Choosing a colour scheme successfully can be hard. No longer is it a simple task of choosing between colour samples, instead we have to consider fabric texture, fixtures, fittings and whether or not to paint your internal doors a matching or contrasting colour. Simple decisions can make a big difference to the outcome of your room. The tips work well whether you are updating your home to give it a freshness or staging your house ready to sell.
Let’s start off with the basics of colour. We have our primary colours: red, blue and yellow and when mixed together they become orange, green and violet, also known as the secondary colours. All these can be seen on a colour wheel which also includes six transitional colours made by mixing a primary colour with a secondary.
Using a colour wheel
Looking at a colour wheel is the best way to see which colours go together and the others that don’t. Colours that appear opposite each other in a colour wheel generally complement each other e.g. red and green, yellow and purple or blue and orange. However, the range of shades and tints of these colours means you can have an even wider range of different combinations from baby pinks and light greens to light blue and wooden browns.
On the other hand, if these colour arrangements seem a bit too predictable, there are many other combinations you can experiment with to suit your taste. One example of another colour scheme you could try is known as an ‘adjacent colour scheme’, where you use the neighbouring colours along the colouring wheel, e.g. red, red/purple.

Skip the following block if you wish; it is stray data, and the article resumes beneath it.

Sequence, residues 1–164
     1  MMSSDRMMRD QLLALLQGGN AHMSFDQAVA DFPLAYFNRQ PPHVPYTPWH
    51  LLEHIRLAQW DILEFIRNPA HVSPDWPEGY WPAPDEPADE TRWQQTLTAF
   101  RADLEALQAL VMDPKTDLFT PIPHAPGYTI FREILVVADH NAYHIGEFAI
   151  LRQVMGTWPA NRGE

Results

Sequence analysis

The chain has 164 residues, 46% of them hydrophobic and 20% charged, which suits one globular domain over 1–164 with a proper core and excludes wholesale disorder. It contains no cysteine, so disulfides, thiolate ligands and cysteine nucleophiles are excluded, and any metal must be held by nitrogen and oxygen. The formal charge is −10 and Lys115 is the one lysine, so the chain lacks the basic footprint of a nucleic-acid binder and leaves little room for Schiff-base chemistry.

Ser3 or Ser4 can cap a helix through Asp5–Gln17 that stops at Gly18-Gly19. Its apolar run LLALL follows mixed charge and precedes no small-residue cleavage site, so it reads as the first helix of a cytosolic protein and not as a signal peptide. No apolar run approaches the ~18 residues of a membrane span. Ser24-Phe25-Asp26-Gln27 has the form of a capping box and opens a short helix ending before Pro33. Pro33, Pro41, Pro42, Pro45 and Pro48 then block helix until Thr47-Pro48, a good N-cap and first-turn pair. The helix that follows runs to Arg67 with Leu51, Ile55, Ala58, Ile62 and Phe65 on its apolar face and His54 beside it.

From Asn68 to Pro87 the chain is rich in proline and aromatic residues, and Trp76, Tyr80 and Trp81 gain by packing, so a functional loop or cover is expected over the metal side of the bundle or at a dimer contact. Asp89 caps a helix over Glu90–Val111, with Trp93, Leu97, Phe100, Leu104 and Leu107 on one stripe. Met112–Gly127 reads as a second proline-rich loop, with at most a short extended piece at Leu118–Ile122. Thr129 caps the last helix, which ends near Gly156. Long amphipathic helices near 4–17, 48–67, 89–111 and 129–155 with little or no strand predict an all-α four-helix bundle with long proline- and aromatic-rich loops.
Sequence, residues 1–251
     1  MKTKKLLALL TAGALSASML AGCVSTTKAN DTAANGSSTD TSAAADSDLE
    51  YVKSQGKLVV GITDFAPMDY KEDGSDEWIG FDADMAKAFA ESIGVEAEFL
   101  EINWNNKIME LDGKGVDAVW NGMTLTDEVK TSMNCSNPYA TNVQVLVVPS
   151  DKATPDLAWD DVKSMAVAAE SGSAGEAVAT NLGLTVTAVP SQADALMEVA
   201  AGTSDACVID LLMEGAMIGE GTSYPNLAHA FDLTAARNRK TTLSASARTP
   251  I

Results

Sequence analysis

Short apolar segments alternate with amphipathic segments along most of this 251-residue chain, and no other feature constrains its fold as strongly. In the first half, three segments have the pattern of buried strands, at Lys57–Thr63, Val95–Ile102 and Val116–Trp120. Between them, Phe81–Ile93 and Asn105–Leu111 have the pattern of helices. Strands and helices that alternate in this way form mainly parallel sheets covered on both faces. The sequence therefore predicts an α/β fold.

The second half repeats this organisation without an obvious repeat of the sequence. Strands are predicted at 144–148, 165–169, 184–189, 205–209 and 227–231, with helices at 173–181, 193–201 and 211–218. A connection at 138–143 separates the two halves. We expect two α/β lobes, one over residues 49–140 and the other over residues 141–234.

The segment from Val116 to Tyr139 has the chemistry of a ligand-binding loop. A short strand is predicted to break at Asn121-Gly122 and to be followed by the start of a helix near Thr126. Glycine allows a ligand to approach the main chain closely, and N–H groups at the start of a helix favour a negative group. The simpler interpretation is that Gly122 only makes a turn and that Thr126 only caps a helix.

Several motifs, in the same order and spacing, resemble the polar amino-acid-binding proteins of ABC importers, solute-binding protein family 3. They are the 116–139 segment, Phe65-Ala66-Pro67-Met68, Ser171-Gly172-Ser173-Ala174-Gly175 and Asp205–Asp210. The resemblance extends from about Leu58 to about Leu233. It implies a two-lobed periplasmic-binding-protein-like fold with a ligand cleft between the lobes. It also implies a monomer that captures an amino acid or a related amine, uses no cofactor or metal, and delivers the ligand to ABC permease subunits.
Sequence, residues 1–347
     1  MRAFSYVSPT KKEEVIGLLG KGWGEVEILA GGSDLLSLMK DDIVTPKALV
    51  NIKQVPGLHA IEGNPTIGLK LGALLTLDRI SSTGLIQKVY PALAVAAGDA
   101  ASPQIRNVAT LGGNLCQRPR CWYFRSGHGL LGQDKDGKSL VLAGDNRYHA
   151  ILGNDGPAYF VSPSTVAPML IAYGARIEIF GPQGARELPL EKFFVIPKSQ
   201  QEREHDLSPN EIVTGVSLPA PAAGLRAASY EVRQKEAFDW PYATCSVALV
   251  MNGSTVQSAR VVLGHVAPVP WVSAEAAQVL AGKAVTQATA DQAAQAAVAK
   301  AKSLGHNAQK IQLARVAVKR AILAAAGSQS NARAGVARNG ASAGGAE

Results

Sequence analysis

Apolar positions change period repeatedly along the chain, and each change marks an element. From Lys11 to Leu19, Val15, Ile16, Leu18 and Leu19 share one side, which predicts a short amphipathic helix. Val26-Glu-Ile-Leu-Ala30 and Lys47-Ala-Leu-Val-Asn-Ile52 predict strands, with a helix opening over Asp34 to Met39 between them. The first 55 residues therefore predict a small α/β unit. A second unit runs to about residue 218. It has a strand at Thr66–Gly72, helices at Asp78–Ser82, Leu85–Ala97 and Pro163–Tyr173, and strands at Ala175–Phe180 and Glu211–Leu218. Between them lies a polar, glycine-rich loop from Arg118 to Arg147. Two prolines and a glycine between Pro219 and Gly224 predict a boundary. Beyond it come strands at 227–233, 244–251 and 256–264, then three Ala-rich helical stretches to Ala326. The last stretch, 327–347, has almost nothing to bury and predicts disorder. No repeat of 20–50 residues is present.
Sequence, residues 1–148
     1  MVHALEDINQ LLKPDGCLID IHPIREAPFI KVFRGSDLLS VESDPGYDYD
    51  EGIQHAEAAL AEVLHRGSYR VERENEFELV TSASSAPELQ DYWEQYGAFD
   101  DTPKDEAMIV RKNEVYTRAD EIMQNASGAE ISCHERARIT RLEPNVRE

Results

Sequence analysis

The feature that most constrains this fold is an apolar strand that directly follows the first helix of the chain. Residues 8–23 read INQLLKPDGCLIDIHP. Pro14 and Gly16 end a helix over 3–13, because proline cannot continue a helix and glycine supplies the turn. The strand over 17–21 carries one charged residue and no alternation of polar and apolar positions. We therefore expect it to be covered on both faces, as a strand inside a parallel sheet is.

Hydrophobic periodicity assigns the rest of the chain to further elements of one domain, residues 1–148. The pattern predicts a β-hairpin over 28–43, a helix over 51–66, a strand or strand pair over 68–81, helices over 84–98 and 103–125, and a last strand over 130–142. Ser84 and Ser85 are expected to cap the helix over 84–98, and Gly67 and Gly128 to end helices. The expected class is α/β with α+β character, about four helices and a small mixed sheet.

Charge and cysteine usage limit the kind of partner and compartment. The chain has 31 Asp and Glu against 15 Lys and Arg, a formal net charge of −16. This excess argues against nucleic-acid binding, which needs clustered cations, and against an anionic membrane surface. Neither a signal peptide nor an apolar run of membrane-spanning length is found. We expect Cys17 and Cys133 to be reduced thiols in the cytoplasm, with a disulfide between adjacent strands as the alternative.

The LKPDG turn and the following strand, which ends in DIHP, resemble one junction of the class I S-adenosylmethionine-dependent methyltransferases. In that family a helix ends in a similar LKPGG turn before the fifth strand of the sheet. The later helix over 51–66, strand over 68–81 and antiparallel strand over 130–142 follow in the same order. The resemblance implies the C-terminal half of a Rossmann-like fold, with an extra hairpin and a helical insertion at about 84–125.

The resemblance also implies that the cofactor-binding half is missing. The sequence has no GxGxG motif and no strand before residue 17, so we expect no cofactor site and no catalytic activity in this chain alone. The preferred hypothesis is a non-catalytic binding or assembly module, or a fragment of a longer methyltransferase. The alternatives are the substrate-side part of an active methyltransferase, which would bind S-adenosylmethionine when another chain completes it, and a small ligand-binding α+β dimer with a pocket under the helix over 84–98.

These different colours have an amazing way of transforming your room, but it is important that the colours you’ve chosen compliment the style of the room.
Tricks of the trade
This is where your fittings and furniture need to be considered. If your room has a low ceiling for instance, and you want to give the effect of it being higher, choosing a cooler colour will give the illusion of space. Warm colours like red, orange or yellow will make the ceiling look lower, making a tall ceiling feel cosy and intimate.
Try to avoid having warm colours on both the ceiling and floor unless for very large rooms as this can become stifling, a dark carpet or floor would look much more balanced with a light coloured ceiling. Wooden floors are the most adaptable to any colour scheme as wood gives a neutral appearance and at the same time helps the floor space appear larger.
Other important fixtures to consider in your room are your doors. Small internal doors are best painted light colours in order for them to open up the room, preventing it from feeling too closed in.
Depending on the type of wood, leaving these doors unpainted can have the same effect; oak internal doors are naturally light in colour and so allow the room to still feel airy without the need to paint over them.
Fixtures and fittings
Remember that dark colours do the reverse and pull the fixtures towards you, so it is best to save those darker shades for larger doors.
Choosing a colour scheme definitely isn’t easy, but with enough experimenting and know-how at least the experience can be more enjoyable and a lot more successful.